The prosecution of Bradley Manning is mentioned as a minor news item, one amongst many. There’s no way to see this as anything but a gross betrayal.
Not even Assange can count on support from the Swedish media who’ve used his source material.
Politicians in the US have openly encouraged Assange’s assassination – no protests from the Swedish media. Sweden’s leading journalists march instead to the beat of different drum – that of the powers that be.
And a ‘cultural editor’ at Expressen going by the name Karin Olsson writes in an international smear article that WikiLeaks founder Julian Assange is a ‘paranoid chauvinist pig’.
That’s our current level of press ethics in Sweden. That’s a serious situation.
Could it be any more corrupt?
- J Tribbiani
Du gamla, du fria, du fjällhöga nord, du tysta, du glädjerika sköna
Du tronar på minnen från fornstora dar då ärat ditt namn flög över jorden
Jag hälsar dig vänaste land uppå jord, din sol, din himmel, dina ängder gröna
- Swedish de facto ‘national anthem’ Read the rest of this entry »
Christine Assange – “The reason I support Wikileaks is not because Julian is my son, it is because I think Wikileaks is doing a good job, and it is what journalists should be doing.”
Interview by Mehdi – First published on 12-03-2012
Wikileaks’ revelations have had more impact than ‘simply’ revealing the true state of affairs in national and world politics: they have also showed that puppet governments (at the hands of powerful private interests) would stop at nothing to discourage such revelations from happening again in the future. Unfortunately these governments do not intend to change their policy to one that is more respectful of the foundations of democracy; they rather prefer to go after Wikileaks and its supporters, starting with its editor Julian Assange and his family. One way of attacking Assange has been the widespread use of smear and disinformation, made easy by the de-facto control of the mainstream media by the establishment (political and corporate).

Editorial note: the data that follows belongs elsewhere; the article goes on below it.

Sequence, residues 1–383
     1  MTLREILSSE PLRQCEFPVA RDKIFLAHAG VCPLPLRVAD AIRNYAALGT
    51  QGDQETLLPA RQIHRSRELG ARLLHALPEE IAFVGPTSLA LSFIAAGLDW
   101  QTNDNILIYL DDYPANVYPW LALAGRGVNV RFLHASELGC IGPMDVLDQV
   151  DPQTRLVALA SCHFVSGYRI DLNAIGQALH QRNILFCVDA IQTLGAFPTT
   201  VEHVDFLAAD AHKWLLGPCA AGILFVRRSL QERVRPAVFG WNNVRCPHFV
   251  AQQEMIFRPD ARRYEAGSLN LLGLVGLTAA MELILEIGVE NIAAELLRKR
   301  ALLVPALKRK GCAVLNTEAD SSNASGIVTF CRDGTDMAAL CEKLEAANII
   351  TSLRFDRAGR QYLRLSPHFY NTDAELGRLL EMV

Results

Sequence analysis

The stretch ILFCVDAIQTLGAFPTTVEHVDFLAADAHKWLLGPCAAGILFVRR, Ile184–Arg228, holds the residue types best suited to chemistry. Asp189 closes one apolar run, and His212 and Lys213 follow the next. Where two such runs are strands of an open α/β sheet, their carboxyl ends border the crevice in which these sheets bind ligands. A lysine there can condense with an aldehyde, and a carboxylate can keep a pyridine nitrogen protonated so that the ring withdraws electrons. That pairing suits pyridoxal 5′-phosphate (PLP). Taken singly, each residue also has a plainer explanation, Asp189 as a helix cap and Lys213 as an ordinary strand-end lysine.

We publish here our interview with Julian Assange’s mother, who is leading her own fight, a fight against that same smear based on making the facts of Wikileaks and her son’s complex case widely known, both on the Internet and in the street.
Assange and Wikileaks’ fight and its outcome are critical to the future of democracy: we urge you to (like says Christine) “get your facts”, and then join the action.
Can you tell us briefly about yourself Christine?